Asylum Magazine (Volume 30 Number 1) – Spring 2023

Welcome to the Spring 2023 issue of Asylum magazine.

Asylum has often highlighted psychiatric abuse arising from dangerous treatments and interventions. Yet, increasingly, we are witnessing psychiatric neglect too – where stringent cuts result in inadequate care or no response at all. Such harm may be irreversible, as our cover image underlines: both harm to individuals and harm to the deeply held principles enshrined in our NHS, as Stuart Jordan argues in the first of our Sample articles.

Debates about psychiatry and especially medication can easily become divisive. Awais Aftab, in a call for openness and curiosity, proposes principles for an alternative and potentially liberatory approach (our second Sample article). Although he applies these principles to psychopharmacology, they potentially have wider relevance. Zoe Kristin’s testimony of the effects of receiving a BPD diagnosis (our third Sample article) finds echoes in Niamh Madden’s piece on the media’s coverage of BPD. A memorial piece to Clare Hand – with Mud’s powerful accompanying image and Dolly Sen’s Death Certificate for the NHS – bears witness to the tragic consequences of a lack of effective support at times of crisis.

Picking up on themes in our Winter issue, an anonymous service user recalls her experience of raising concerns about the Edenfield Centre, the subject of the Panorama investigation. Wren Aves cogently critiques the Online Safety Bill, from a harm minimisation perspective. This issue also includes an exploration by Emily O of why many of us are reluctant to embrace psychiatric abolition; Emily Burfoot’s account of her journey out of the mental health system and Laurence Howarth on the neoliberalism of IAPT. Turning our gaze beyond our own shores, Jane Tareen tells readers about the campaign for Justice for Morgan Geyser in the US, and we include the latest report from the Greek Activists’ group: the Initiative for a Diverse Movement in Mental Health.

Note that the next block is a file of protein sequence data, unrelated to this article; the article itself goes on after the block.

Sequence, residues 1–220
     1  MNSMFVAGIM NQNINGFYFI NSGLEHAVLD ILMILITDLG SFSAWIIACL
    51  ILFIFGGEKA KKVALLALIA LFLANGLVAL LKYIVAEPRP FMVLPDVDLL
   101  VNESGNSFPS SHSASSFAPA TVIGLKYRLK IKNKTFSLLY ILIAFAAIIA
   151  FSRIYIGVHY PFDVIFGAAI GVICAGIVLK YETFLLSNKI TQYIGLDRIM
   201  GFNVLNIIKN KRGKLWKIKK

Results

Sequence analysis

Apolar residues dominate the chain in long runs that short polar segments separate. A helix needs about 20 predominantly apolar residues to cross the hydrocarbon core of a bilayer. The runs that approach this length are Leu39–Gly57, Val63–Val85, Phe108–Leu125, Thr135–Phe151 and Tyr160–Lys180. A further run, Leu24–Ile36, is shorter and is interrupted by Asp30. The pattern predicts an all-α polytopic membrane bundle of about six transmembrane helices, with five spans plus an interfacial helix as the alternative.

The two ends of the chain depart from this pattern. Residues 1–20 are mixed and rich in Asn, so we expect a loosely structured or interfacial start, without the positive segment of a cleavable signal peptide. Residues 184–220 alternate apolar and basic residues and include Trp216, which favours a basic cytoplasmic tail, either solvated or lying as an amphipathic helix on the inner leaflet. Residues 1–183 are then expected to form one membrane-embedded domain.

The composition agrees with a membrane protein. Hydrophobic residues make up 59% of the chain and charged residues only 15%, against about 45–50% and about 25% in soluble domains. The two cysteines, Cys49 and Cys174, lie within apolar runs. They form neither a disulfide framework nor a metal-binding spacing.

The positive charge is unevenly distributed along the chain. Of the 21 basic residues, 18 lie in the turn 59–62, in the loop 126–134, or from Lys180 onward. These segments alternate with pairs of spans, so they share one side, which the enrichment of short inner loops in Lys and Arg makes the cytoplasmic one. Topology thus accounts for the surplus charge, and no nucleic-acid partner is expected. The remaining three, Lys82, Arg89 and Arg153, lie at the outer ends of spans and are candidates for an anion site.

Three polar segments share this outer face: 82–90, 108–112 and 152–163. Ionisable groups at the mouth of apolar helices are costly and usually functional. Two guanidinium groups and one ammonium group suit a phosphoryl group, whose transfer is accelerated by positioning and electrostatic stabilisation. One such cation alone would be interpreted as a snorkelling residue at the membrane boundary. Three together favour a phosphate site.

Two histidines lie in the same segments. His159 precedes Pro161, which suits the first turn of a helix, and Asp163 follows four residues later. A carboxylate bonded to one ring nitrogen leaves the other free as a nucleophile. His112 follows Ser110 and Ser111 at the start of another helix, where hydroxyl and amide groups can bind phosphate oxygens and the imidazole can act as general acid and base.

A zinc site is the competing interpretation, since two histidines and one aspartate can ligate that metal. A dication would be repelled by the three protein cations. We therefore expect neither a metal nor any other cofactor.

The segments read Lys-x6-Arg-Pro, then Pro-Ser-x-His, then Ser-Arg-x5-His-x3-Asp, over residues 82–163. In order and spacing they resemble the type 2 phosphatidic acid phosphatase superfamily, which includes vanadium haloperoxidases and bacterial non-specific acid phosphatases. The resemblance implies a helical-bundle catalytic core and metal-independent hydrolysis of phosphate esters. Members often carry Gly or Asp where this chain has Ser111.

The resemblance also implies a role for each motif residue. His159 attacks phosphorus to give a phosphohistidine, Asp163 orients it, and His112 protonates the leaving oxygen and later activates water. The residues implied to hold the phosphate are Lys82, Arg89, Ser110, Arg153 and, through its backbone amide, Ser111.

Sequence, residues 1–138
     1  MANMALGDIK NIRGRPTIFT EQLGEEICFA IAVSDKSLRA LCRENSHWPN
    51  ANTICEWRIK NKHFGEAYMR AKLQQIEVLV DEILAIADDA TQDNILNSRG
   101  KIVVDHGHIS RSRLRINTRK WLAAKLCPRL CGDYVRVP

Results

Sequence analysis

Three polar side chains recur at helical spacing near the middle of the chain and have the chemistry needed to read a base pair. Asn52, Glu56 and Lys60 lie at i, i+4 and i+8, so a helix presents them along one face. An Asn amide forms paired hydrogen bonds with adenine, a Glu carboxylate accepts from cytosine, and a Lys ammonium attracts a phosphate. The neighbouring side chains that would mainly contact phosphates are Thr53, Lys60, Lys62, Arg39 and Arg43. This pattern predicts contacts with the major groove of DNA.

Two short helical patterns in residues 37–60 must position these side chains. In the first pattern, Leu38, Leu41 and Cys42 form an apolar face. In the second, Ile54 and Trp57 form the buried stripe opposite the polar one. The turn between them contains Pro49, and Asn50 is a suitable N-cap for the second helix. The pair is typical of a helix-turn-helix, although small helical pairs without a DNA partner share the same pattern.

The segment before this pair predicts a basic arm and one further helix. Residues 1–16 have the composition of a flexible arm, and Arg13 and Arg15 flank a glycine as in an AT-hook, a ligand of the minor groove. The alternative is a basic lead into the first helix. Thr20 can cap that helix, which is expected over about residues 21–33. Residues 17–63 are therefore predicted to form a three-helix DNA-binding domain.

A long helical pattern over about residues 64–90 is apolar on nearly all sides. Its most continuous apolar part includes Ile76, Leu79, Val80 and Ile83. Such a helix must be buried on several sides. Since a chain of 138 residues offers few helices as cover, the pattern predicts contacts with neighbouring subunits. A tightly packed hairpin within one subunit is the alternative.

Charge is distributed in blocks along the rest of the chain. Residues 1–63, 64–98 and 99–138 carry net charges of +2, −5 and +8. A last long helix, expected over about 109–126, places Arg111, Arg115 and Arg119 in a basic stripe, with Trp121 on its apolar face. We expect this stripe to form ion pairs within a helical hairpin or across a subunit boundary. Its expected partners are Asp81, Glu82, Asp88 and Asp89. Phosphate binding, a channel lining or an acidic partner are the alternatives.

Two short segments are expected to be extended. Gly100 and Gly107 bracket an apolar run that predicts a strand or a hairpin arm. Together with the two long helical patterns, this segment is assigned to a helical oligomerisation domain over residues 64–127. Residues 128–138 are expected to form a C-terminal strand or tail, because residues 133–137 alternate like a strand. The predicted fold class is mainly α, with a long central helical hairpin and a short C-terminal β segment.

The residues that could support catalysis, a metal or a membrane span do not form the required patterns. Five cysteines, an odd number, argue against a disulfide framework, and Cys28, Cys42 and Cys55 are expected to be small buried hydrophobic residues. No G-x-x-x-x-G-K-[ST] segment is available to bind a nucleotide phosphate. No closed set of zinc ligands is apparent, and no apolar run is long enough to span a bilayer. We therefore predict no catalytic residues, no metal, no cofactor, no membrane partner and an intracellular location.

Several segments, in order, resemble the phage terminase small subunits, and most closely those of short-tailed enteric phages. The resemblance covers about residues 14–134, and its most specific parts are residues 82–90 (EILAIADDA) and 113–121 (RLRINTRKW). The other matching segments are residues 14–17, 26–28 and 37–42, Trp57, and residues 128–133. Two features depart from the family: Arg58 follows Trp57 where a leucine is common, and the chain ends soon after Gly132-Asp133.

We have two book reviews in this issue. Even Sedgwick-Jell reviews Health Communism which explores the contradictions of health under capitalism (we’ve included this as an extra sample article). In the second, Asylum’s poetry Editor, Janine Booth, reviews Holly Bar’s debut poetry collection, Dirty, which conveys the experience of child abuse in arresting ways. We also include a short review of the Reality Tourist website about living with Psychosis.

This issue sees the return of a News Section, as well as a selection of other poetry and artwork





Why we should support the recent NHS StrikesStuart Jordan ***SAMPLE ARTICLE***

They Died Waiting

What can happen when service users speak up – Anonymous

F*ck Your “Maladaptivity”, Self-Harm Has Saved My Life – Wren Aves

Poem – ‘Social Services?’

No, We Aren’t All Abusers and We Aren’t Your Kink – Niamh Madden

Too MuchZoë Kristin ***SAMPLE ARTICLE***

In loving memory of Clare Hand

NHS death certificate – Dolly Sen

Another Way is Possible – Emily O

Reality Tourists – review – Lauren Hosford

The Cocoon – Jessica Oakwood

Justice for Morgan – Jane Tareen

Poem – ‘I Am a Man that Suffers’

Mental? – Emily Burfoot

A Psychopharmacology Fit for Mad Liberation?Awais Aftab ***SAMPLE ARTICLE***

Poems – ‘Fucking Tanks’, ‘The Cost of Sanity’ & ‘Survivor’

The Neoliberalism of IAPT – Lawrence Howarth

Service Explanation Chart – MadDog,

Poems – ‘Measuring’’ & ‘Quasimodo Mask’

Book Review – Dirty – reviewed by Janine Booth

Book Review – Health Communism reviewed by Evan Sedgwick-Jell ***SAMPLE ARTICLE***

When police and psychiatric violence go hand in hand – Initiative for a Diverse Movement in Mental Health, Greece

Poem – ‘Shit!’


Asylum and the Struggle for Justice and Liberation



Download Volume 30 No 1



Sample articles